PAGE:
In a sense, the Cricket's stock, weighted toward fact not fancy, is a reflection of the town it serves. Solar power books are big. The numerous weavers and woolgatherers in the area seem to grab the potholders embroidered with sheep, passing up the ones with pigs.

Miller, with an M.A. in theology, has given up trying to foist obscure German theologians on the local populace: not Ashton's cup of tea.

It's rare you'll ever find more than one or two copies of an economics book at the shop because hardly anybody but Mr. Boyer buys the stuff.

The stock at the Cricket, which has a mailing list of 1,500 people, does range with catholic breadth.

There is a generous shelf of poetry (always a good measure of a bookstore's soul), philosophy, Maryland folklore, politics, history, and many cookbooks, including the area's favorite, "The Enchanted Broccoli Forest." Vegetarian cookbooks outsell French cookbooks. There are Cliff Notes for laggard scholars at nearby Sherwood High School, and a wall of durable, drool-resistant books for the new generation of readers just beginning to grapple with the headaches and delights of English.

The picture of Ashton that emerges from its bookstore is infinitely more complex than the impression the town makes on motorists barreling up New Hampshire Avenue in upper Montgomery County.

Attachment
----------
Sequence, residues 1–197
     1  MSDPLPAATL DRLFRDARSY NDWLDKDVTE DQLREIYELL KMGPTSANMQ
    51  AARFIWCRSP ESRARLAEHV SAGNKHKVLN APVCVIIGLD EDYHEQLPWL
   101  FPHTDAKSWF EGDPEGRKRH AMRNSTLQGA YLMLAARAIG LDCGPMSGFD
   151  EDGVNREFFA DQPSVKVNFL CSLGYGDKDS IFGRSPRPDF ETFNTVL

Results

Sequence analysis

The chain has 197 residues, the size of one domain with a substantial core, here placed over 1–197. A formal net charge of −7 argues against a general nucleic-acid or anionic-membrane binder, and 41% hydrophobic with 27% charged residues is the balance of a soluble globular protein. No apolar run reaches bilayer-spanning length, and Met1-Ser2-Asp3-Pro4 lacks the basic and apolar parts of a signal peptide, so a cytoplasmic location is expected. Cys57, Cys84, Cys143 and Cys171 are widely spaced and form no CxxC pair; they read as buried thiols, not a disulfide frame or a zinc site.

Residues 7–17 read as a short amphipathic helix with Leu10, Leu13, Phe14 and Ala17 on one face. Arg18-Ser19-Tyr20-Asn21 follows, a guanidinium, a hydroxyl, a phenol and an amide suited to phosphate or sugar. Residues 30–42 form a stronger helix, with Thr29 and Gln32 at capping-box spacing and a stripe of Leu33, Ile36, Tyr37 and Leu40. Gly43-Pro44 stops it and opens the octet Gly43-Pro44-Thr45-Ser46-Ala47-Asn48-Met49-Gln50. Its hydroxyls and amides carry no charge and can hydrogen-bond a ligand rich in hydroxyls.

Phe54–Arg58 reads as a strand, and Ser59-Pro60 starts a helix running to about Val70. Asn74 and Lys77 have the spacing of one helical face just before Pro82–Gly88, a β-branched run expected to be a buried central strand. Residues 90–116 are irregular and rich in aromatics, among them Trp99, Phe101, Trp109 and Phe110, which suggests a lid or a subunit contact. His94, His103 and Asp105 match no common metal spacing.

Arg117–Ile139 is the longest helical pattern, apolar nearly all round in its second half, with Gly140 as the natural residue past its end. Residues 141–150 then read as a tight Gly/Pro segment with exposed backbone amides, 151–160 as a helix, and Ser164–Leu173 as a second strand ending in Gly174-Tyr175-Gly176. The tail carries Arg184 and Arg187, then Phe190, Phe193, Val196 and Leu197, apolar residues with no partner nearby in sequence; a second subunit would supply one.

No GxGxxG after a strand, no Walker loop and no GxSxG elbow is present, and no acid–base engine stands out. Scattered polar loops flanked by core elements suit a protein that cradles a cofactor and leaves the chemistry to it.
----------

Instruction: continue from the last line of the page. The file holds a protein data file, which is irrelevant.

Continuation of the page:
The bookstore reveals its hidden life; otherwise Ashton is just a faceless intersection with a bank, a High's, two gas stations, a flower emporium and the Cricket.

Set back from the highway with a bluestone parking lot and a sign planted in a patch of tiger lilies, the shop appears out of the woodlots and vegetable stands as an improbable find.

Imagine stumbling upon Edmund Wilson in a checkers tournament.

At one end of the gabled building, postmaster Richard Farquhar, 65, has been working more than a quarter of a century.

He still sorts the mail by hand and eschews the sponge, wetting stamps with his tongue--an incomparable hallmark of small-town life.

"Are you Richard Farquhar?" a visitor asked. "What's left of him," he said.